In the symphony of off-grid living, the location holds the conductor’s baton, dictating the harmony or discord of your sustainable lifestyle. It’s not just about a spot on the map; it’s about aligning the environment with your off-grid aspirations.

So, aspiring off-gridders, heed this call: evaluate, scrutinize, and choose your off-grid Eden wisely. The right location isn’t just a pin on a map; it’s the cornerstone of your self-sustaining utopia.

Choose. Prepare. Thrive. Welcome to the symphony of off-grid living!

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Community|People

Ronnie Wood’s Ex-wife Runs Her Own Power

Jo Wood has got guts. the ex-wife of Rolling Stones rocker Ronnie Wood took on a huge project a few years ago, and now has a wonderful off-grid farmhouse in the UK.

“I’d dreamed of going off-grid,” she told The Telegraph. “I loved the idea of being self-sufficient, not only growing my own food, but having my own heat, electricity and water supply. This was it! It came with six acres, old sheds and barns ripe for conversion. The land was barren and there was no garden, but it meant I could do things my way. After my divorce from Ronnie in 2011, I’d been living in central London, so it was a huge change.”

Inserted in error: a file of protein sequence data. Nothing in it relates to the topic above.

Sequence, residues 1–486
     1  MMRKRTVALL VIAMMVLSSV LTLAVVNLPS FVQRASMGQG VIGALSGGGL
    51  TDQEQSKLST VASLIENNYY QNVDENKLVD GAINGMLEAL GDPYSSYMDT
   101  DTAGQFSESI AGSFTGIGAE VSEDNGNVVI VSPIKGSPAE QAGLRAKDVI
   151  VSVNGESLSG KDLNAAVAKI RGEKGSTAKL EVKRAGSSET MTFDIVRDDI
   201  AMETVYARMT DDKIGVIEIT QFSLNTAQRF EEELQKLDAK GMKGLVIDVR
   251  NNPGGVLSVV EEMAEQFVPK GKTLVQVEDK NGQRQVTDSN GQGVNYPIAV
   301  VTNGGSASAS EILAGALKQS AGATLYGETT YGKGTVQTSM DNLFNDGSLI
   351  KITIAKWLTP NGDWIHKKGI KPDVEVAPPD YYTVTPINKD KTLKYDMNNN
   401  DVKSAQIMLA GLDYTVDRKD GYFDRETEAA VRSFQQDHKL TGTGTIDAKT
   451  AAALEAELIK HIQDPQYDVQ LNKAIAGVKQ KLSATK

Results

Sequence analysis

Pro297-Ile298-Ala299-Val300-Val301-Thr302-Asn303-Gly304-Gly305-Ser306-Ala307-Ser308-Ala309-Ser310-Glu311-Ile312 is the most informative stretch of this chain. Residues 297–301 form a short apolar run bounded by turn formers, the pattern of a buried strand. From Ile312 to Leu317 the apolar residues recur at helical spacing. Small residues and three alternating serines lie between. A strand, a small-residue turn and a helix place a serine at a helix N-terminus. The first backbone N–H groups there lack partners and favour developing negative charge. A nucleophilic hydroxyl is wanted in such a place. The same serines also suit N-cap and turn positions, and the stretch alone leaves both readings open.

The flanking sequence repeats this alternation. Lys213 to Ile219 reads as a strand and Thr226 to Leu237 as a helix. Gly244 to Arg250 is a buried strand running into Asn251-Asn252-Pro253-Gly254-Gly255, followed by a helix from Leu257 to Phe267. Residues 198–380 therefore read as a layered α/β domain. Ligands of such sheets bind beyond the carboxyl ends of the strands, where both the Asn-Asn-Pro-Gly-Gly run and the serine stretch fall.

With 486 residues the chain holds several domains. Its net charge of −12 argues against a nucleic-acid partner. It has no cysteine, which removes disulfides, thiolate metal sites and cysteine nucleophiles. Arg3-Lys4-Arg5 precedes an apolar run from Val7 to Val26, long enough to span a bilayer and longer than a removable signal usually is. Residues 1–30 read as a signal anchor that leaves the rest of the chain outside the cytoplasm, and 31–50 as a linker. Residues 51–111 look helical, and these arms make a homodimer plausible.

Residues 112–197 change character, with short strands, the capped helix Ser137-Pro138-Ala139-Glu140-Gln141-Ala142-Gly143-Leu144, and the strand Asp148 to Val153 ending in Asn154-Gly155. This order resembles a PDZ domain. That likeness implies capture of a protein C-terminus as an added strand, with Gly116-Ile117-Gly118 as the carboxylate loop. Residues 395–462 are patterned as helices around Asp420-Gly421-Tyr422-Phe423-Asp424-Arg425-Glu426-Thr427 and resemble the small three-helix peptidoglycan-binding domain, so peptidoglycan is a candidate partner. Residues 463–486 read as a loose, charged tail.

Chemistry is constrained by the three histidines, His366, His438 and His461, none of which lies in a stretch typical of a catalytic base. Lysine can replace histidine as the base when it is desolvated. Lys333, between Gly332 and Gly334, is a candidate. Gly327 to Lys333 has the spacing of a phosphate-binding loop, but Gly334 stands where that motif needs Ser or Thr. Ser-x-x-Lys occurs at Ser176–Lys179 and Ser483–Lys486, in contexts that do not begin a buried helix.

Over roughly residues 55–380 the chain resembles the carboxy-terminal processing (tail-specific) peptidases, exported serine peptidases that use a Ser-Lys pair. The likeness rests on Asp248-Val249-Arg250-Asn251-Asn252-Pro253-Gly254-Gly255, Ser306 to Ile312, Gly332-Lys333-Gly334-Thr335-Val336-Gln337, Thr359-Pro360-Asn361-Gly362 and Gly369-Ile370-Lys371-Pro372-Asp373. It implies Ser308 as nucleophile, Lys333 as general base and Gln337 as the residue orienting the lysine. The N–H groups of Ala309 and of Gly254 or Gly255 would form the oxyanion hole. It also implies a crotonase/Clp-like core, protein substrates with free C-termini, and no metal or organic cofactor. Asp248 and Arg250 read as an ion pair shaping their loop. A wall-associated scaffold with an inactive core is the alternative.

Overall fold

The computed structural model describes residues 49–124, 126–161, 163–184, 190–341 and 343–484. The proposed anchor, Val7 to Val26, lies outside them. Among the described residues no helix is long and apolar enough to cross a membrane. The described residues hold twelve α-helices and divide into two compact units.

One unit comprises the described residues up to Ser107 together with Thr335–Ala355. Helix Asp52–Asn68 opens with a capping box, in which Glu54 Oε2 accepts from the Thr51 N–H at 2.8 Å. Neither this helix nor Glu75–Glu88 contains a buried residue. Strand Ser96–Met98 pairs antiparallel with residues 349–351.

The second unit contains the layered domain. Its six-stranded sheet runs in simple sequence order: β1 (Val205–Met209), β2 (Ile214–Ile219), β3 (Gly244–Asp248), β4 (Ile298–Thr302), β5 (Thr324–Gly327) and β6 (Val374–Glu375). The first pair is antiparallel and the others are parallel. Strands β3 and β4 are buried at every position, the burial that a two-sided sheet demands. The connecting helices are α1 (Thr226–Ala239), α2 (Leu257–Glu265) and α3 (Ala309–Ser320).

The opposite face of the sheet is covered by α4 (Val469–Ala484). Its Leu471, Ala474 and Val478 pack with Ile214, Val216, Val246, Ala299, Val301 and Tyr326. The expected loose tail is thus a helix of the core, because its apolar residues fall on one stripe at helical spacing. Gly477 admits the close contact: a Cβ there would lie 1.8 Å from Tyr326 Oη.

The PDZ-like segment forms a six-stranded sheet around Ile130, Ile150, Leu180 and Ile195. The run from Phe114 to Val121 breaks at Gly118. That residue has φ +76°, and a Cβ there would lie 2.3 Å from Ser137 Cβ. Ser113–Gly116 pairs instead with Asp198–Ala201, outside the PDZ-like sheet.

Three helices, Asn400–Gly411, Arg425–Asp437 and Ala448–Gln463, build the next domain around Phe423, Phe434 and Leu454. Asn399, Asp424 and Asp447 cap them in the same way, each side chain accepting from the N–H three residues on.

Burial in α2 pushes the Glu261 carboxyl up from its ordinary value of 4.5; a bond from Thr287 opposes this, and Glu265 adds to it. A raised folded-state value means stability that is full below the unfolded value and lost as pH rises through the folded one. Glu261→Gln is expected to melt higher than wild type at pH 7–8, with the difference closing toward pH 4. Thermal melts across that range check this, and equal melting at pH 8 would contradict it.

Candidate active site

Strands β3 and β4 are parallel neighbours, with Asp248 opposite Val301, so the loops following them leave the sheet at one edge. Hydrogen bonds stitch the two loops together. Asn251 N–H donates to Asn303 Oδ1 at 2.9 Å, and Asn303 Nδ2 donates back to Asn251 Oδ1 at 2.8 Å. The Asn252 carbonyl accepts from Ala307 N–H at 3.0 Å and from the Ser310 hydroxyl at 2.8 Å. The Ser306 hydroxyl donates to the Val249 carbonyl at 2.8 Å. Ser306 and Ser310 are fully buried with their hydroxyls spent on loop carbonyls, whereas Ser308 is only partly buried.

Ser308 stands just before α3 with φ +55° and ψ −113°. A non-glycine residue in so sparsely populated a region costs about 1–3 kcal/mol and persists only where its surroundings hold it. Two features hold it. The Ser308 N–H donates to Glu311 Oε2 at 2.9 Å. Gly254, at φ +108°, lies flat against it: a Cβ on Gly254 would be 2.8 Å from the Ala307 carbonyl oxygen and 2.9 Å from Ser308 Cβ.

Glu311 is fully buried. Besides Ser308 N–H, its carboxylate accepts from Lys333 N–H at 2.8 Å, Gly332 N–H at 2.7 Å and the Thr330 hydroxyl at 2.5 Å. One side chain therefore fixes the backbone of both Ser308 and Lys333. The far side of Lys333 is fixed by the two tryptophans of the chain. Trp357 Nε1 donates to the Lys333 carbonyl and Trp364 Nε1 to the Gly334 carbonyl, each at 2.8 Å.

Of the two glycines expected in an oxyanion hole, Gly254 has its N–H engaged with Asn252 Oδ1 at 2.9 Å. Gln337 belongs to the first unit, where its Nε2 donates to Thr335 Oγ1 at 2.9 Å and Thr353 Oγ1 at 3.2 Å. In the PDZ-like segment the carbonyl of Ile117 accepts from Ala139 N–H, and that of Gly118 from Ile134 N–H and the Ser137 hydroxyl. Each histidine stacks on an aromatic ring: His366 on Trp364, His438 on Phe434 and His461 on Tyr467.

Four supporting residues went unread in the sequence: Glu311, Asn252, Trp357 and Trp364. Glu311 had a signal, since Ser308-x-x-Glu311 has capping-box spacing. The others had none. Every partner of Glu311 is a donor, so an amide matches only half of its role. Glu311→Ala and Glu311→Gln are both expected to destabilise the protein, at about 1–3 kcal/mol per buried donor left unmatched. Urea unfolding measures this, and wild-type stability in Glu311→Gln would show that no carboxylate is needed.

Q: What did you have to do to get the house and garden up and running?
A:I moved into the house in November 2019, and in those first few weeks, the water ran out, the solar panels didn’t work, the electrics were dodgy, and the generator for heat and light broke down. I sat in the kitchen and said to myself: “I’ve made such a terrible mistake.” But slowly, I found the right people to help me turn things around. A modern generator was installed, new solar panels fitted and, after locating an underground water supply, an engineer drilled a hole nearly 300ft down to provide me with my own water. It was expensive, but from then on, I’d have no more bills.

Q: What were your plans for the garden?